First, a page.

For the first time since the New Deal era, the United States could, by the time Labor Day 2013 rolls around, find itself entering into an extended period without either a secretary of labor or a functioning National Labor Relations Board.
The prospects are dire for working people and for the unions that represent them, as Wisconsin Congressman Mark Pocan and others explained at a Washington event this week. “Each day that the board sits idle is one in which workers’ lawful rights are put at risk," said the Madison Democrat.
Pocan can't change the circumstance.
But Senate Majority Leader Harry Reid and his Democratic colleagues have the power to avert the crisis created by Senate Minority Leader Mitch McConnell’s obstructionism.
President Obama has selected a well-qualified nominee for secretary of labor: Tom Perez, a former Maryland Department of Labor secretary who has served in the Obama administration as the assistant attorney general for the Civil Rights Division of the Justice Department. But the Perez nomination has languished without Senate action since May, when it was approved on a 12-10 vote of the Senate Health, Education, Labor and Pensions Committee.
The president has made necessary nominations to fill open positions on the five-member National Labor Relations Board.
One of Obama’s nominees, Mark Gaston Pearce, is a current NLRB board member whose term expires in August. If the Senate does not confirm Pearce and the others, Communications Workers of America union President Larry Cohen argues that the board will be rendered ineffectual.
“The protections that workers fought and died for, already diminished by subsequent legislation and court decisions, will soon disappear if the Senate fails to confirm the president’s nominees before its summer recess,” explains Cohen. “There are only three current members sitting on the five-seat NLRB. The constitutionality of the three recess appointments has been voided by the D.C. Circuit Court of Appeals, and Chairman Mark Pearce’s term will expire in August. If the Senate does not act, we’ll soon be celebrating Labor Day without any labor law. Zero enforcement and no protections for 80 million American workers in the private sector.”
But the Senate cannot act under its current rules, which allow a minority of senators to abuse filibuster rules in order to block votes not just on legislation but on presidential nominations.
McConnell, who has made no secret of his disdain for unions and the federal laws that have for 78 years provided a measure of fairness for working people and the organizations that represent them, practices his most militant obstructionism when it comes to labor rights.
It is hard to imagine that nominations for labor secretary or for the NLRB will get Senate votes if the existing filibuster rules are not changed — at least when it comes to the confirmation of nominees. So Reid will on Thursday is gathering the Senate Democratic caucus to again ponder the modest filibuster reforms that senators such as Jeff Merkley, D-Ore., have been proposing for several years.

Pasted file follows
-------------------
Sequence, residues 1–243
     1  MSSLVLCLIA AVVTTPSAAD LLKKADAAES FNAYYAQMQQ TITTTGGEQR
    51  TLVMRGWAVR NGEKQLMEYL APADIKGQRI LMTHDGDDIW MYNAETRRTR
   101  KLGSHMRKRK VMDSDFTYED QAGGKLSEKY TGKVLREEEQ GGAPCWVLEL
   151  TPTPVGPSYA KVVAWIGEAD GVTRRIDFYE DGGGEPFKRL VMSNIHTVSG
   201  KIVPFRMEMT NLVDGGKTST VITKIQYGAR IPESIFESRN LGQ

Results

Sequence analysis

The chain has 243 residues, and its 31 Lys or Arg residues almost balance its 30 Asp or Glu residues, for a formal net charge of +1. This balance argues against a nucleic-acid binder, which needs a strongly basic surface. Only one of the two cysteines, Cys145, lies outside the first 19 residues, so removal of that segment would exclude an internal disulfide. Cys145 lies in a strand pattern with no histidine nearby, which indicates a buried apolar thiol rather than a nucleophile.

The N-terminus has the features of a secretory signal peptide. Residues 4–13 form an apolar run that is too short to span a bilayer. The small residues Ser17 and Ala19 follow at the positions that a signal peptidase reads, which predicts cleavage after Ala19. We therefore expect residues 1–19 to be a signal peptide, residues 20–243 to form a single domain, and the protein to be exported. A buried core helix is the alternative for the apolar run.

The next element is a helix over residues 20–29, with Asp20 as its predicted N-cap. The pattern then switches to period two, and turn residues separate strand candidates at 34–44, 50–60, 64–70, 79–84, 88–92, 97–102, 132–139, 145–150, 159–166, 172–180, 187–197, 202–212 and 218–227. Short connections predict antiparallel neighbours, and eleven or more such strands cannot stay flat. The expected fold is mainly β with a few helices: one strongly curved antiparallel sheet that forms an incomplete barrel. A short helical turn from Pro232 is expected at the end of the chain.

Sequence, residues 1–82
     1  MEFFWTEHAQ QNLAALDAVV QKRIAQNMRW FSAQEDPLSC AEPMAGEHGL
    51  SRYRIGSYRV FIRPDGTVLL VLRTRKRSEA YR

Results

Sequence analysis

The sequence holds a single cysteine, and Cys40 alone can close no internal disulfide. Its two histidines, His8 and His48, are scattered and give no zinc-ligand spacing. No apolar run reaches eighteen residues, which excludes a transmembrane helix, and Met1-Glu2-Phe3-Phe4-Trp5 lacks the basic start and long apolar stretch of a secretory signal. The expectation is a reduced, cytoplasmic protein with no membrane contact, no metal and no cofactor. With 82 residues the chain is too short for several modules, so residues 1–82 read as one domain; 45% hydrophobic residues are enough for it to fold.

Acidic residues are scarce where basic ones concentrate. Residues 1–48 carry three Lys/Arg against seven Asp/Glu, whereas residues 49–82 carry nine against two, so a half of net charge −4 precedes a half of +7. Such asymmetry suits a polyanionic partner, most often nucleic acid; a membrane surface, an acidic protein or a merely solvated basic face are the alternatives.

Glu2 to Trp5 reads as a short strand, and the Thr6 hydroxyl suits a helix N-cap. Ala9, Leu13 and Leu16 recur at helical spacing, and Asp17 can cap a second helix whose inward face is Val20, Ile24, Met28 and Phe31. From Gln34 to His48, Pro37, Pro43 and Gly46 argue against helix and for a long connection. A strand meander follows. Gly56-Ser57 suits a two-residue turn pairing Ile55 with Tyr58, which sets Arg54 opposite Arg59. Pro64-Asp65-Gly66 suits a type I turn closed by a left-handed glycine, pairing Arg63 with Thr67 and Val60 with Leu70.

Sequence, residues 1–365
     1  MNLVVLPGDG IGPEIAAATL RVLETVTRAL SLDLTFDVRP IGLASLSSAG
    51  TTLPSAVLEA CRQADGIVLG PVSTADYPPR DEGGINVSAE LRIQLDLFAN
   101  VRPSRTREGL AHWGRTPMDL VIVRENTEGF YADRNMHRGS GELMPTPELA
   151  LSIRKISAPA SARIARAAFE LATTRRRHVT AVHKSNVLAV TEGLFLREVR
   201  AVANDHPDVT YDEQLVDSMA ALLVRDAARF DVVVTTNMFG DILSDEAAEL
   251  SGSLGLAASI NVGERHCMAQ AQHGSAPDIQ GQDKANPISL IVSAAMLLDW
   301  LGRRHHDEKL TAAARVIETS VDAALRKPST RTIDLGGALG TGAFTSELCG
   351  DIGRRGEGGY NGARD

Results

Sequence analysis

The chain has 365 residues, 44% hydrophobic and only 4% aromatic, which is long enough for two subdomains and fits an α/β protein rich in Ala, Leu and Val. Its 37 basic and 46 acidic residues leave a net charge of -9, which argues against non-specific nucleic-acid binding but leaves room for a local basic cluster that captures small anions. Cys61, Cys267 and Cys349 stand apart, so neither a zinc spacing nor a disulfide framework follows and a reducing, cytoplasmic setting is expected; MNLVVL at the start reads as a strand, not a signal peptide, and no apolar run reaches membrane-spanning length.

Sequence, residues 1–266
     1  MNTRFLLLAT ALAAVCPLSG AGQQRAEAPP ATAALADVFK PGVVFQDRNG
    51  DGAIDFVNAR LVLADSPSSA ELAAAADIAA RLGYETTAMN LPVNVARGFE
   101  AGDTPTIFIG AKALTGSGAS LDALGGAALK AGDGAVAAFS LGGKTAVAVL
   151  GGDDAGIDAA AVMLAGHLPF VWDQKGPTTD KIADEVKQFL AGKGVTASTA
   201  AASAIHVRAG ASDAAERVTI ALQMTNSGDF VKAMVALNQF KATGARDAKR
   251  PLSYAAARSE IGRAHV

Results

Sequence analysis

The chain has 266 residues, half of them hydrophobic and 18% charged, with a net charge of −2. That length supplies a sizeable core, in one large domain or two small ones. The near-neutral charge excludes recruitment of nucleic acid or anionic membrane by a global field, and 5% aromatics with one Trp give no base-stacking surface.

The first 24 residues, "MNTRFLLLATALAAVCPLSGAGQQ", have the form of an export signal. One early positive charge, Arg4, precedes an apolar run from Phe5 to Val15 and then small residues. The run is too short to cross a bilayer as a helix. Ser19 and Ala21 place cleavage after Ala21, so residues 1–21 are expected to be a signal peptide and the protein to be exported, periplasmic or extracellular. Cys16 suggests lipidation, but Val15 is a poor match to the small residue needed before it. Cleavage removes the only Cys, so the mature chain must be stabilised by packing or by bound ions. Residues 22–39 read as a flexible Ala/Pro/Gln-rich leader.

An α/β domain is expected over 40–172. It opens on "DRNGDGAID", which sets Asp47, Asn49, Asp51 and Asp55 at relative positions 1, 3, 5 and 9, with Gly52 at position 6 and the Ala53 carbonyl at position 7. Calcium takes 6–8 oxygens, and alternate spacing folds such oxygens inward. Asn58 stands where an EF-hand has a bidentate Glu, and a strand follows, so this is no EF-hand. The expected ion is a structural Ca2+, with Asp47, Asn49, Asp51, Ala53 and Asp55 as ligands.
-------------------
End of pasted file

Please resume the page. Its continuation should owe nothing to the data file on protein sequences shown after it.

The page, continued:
Reid has rejected reforms in the past, creating great frustration on the part of the Democratic base. But the majority leader seems to be coming to the realization that abuses must be addressed.
This is no longer merely about filibuster reform or arcane Senate rules. McConnell’s obstructionism now threatens to render the NLRB dysfunctional — and to make the enforcement of rules protecting American workers dramatically more difficult.
This is about a lot more than politics. It is about whether the government will function as it has under Democratic and Republican presidents, under liberals like Franklin Delano Roosevelt and conservatives like Ronald Reagan. It is about whether the constitutionally defined responsibility of the Senate to provide advice and consent, to approve or disapprove presidential appointments, is respected. And it is about whether working Americans will have a government that watches out for them — as opposed to McConnell’s corporate campaign contributors.
“The Senate majority has all the tools it needs to make sure that workers’ rights are protected and labor law is fairly enforced,” says CWA’s Cohen. “The Senate Democratic majority must adopt rules that allow for an up or down vote for these nominees. That’s what democracy looks like, not obstructionism, not games playing, not valuing Senate ‘decorum’ over the responsibility to constituents to get the people’s business done.”
John Nichols, associate editor of The Capital Times, and Robert W. McChesney are authors of the new book on reforming politics and government, "Dollarocracy: How the Money and Media Election Complex Is Destroying America" (Nation Books). Thom Hartmann says: “This is exactly the book every concerned American needs to read, because the process of understanding what exactly is going on and taking America back from the corporations starts here.” firstname.lastname@example.org @NicholsUprising